Paruzal – Pizza Makes Anything Possible [Hivemind Review]

Pizza Makes Anything Possible is an audiovisual escape room created by Paruzal.

Illustrated title art for Pizza Makes Anything possible contains pizza, locks and crayons.

Format

Style of Play: audiovisual escape room

Required Equipment: computer with internet connection, somewhere to take notes

Recommended Team Size: 2-4

Play Time: approximately 60 minutes

Price: $15 per person

Booking: book online for a specific time slot

Description

You work for a pizza restaurant and your boss wants to test you. You need to open the restaurant in time for the first guests to arrive. Can you survive this pressure test?

This is an audiovisual escape room. This game is played in a space made up of two-dimensional illustration with and a gamemaster narrating. The illustrations are simple, and all clues come from the player asking the gamemaster for additional details. You give verbal commands to try ideas and see what works.

Illustration of an empty green room. The walls are all labeled with the name of a different shade of green.

Hivemind Review Scale

Extra Long Escape Rooms Need Intermissions

I’m gonna overshare a bit.

While we didn’t play very many real-life escape rooms in 2020, we did play quite a few games with 1.5 to 3.5 hour game clocks.

Intermission

Once you hit the 2-hour mark, I think a game is what I’d call “extra long,” and consequently I think that these games generally need an intermission. Paradox Project in Athens, Greece, does this. They have snacks, drinks, and most importantly, bathrooms available.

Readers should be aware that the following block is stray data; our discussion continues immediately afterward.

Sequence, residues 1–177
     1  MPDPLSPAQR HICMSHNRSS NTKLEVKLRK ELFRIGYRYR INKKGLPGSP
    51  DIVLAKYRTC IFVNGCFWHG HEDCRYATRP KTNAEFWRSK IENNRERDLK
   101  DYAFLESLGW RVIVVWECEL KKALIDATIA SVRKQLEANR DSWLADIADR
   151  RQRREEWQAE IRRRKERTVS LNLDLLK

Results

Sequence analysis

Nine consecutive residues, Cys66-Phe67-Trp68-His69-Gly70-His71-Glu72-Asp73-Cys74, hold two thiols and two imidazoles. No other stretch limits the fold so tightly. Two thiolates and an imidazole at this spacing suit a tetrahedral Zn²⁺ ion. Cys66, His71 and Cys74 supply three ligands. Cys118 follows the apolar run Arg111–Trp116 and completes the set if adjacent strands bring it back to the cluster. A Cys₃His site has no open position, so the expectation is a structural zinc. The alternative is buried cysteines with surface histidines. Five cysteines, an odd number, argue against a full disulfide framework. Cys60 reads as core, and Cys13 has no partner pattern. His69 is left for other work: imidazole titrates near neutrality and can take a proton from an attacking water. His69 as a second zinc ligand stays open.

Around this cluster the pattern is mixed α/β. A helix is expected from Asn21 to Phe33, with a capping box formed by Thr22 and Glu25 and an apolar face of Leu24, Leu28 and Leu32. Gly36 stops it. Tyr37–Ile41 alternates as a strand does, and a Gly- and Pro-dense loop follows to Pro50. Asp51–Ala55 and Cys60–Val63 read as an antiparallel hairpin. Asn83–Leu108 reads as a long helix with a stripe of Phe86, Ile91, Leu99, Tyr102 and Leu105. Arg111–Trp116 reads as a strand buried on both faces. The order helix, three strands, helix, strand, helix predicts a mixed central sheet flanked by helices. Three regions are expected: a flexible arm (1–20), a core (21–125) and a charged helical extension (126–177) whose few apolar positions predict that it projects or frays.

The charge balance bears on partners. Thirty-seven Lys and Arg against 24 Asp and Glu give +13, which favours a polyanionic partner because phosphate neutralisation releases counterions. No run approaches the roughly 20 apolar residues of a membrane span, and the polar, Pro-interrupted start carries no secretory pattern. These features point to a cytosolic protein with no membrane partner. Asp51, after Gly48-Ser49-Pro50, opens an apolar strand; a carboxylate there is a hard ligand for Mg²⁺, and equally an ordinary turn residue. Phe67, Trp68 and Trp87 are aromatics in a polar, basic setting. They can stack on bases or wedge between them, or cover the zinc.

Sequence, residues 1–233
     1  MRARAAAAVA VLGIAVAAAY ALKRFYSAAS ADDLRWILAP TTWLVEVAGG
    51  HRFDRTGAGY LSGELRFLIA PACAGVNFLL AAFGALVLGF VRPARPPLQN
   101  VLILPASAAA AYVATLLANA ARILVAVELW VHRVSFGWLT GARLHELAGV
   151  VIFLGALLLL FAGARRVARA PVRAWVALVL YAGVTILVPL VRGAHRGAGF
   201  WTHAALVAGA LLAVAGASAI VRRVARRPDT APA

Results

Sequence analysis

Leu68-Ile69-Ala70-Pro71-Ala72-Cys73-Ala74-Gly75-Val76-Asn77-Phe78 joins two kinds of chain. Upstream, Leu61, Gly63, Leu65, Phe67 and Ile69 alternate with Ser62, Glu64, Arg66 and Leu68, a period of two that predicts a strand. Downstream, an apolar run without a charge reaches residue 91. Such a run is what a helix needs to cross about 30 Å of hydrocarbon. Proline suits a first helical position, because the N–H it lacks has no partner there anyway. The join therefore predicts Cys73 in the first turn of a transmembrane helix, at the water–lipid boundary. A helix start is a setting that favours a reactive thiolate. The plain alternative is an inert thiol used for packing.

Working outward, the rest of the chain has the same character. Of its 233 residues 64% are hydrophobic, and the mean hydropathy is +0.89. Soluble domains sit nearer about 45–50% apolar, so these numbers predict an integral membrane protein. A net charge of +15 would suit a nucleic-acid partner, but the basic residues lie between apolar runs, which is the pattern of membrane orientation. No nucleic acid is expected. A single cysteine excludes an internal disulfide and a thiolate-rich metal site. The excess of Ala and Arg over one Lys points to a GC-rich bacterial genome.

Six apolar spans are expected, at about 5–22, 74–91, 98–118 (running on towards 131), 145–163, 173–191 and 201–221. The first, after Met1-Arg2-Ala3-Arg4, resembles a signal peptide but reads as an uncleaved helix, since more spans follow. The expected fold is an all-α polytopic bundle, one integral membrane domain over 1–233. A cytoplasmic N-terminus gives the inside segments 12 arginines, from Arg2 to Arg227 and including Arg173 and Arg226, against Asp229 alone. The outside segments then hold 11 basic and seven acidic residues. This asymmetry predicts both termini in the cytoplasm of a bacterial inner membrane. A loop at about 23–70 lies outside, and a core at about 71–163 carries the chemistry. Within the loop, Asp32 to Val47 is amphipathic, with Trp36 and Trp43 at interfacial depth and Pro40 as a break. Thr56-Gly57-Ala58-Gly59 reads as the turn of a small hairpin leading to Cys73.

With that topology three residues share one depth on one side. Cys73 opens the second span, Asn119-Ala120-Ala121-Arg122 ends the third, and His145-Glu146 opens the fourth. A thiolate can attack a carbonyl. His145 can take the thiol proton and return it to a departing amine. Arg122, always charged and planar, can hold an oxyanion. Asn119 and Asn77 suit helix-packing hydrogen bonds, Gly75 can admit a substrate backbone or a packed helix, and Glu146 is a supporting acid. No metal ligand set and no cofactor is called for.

The snacks and drinks are phenomenal, rejuvenating, and make for a more pleasant experience… but I think they are a nice-to-have.

The bathroom break is essential.

A very white bathroom.

Immersion is impossible when you have to pee

The other day I streamed The Avengers, and paused it so I could relieve myself in the middle.

It got me thinking about when I went to see all of the movies in this stupid long series… and how each time I had to pick a moment that seemed slow to dart out of the theater. I don’t like to miss anything in a movie (or an escape room), but missing a couple of minutes is better than not being able to follow the story because nature is calling.

The movie theater business is in trouble. It was in trouble before 2020, partly because these blockbuster movies have gotten way too long, without an intermission. Going to a movie theater is simply less comfortable than viewing movies at home. All of these old movie executives certainly can’t make it through their own movies without a bathroom break.

All I’m suggesting is that as we see some of these extra long, blockbuster escape rooms open, let’s do what Paradox Project has already established… and remember that player comfort is essential to player immersion.

How to Get the Most out of the TERPECA 2020 Results

The 2020 TERPECA results are live.

Last year we did a fairly deep dive into the data. I think that piece still holds up, so this year, we are offering some advice about how to get the most out of the TERPECA list as a player.

Before diving in, I’ll remind you that Lisa and I share a vote on the TERPECA board. This isn’t our project, but we do contribute to it and do our best to help guide it.

Top Room Escape Project Enthusiasts' Choice Awards 2020 logo.

Top Tip For Using TERPECA Results

In my opinion, the absolute ranking of TERPECA is a bit of a distraction from the project’s true value.

Numbered lists are eye-catching. The internet loves them. People love to see their opinions validated… or they love being righteously angry over what is clearly a wrong list. Lists spark conversation and they are good for marketing. For us, however, that’s not the point.

This list will never be perfect because these experiences are subjective.

For Lisa and me, the real action is the easily overlooked “Phase 2 Room Results” data. This is a listing of 279 really great escape games that are geographically dispersed. Let me explain why.

Figure Out Your TERPECA Use Case

Think about your own personal use case. Here are what I surmise are the two most common ones:

  • Selecting a travel destination